University of Pittsburgh Researchers Find Key to Parkinson’s Disease Neurodegeneration

University of Pittsburgh Researchers Find Key to Parkinson’s Disease Neurodegeneration

The American Parkinson Disease Association helps fund research that could lead to new therapies to slow or stop progression of Parkinson’s disease.

New York, NY, June 8, 2016 – The American Parkinson Disease Association is a funding partner in supporting researchers at the University of Pittsburgh School of Medicine who have uncovered a major reason why the Parkinson’s-related protein alpha-synuclein, a major constituent of the Lewy bodies that are the pathological hallmark of Parkinson’s disease, is toxic to neurons in the brain. The finding has the potential to lead to new therapies that could slow or stop progression of the devastating illness. The new research appears online today in Science Translational Medicine.

According to David G. Standaert, M.D., Ph.D., Chair of the APDA Scientific Advisory Board, John N. Whitaker Professor and Chair of Neurology, and Director of the Division of Movement Disorders at the University of Alabama at Birmingham, “This is a very important study. It provides new insight into two of the critical mechanisms in Parkinson disease: aggregation of the protein alpha-synculein and dysfunction of mitochondria, the ‘powerhouse’ of neurons. It opens doors to new kinds of treatments to slow or prevent the disease.”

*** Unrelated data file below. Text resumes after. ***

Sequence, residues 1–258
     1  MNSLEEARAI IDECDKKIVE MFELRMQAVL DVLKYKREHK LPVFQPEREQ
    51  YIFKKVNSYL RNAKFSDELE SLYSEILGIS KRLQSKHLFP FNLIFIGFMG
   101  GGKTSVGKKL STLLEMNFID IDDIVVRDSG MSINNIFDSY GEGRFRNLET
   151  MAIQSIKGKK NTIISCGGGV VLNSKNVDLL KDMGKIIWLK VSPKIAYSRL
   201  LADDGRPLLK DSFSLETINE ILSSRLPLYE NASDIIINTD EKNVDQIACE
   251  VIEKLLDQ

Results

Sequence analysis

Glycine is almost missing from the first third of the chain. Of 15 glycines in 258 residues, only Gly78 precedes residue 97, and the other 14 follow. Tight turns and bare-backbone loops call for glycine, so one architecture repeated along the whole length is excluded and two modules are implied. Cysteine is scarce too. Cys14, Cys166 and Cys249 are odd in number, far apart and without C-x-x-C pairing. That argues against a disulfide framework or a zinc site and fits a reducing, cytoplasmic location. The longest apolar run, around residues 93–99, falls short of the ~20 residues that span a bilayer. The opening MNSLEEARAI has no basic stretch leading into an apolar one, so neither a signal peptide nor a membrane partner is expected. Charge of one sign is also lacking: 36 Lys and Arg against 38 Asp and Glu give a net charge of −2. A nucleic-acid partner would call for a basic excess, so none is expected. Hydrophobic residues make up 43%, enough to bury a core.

J. Timothy Greenamyre, MD, PhD

The University of Pittsburgh School of Medicine is one of eight APDA Centers of Advanced Research. Lead investigator J. Timothy Greenamyre, M.D., Ph.D., Love Family Professor of Neurology in Pitt’s School of Medicine and director of the Pittsburgh Institute for Neurodegenerative Diseases (PIND) is also the director of the APDA Advanced Center for Parkinson’s Disease Research at PIND and a member of the APDA Scientific Advisory Board. “It’s really exciting that we have found a mechanism we can target to create new treatments for this devastating disease,” said Dr. Greenamyre. “I’ve been involved in Parkinson’s research for more than 25 years and the further I go along, the more urgency I feel to translate what we’re doing in the laboratory into something that’s going to make a meaningful difference for people affected by Parkinson’s disease. I believe these findings will have a lot of impact in the Parkinson’s research community. We couldn’t have done it without the support of APDA!”

Parkinson’s disease (PD) is a degenerative neurological disease characterized by tremor, slowness, and gait and balance difficulties that affects about 1 million people in the United States. The symptoms are caused by the degeneration and loss of neurons in the brain, particularly those crucial for the initiation and coordination of movement.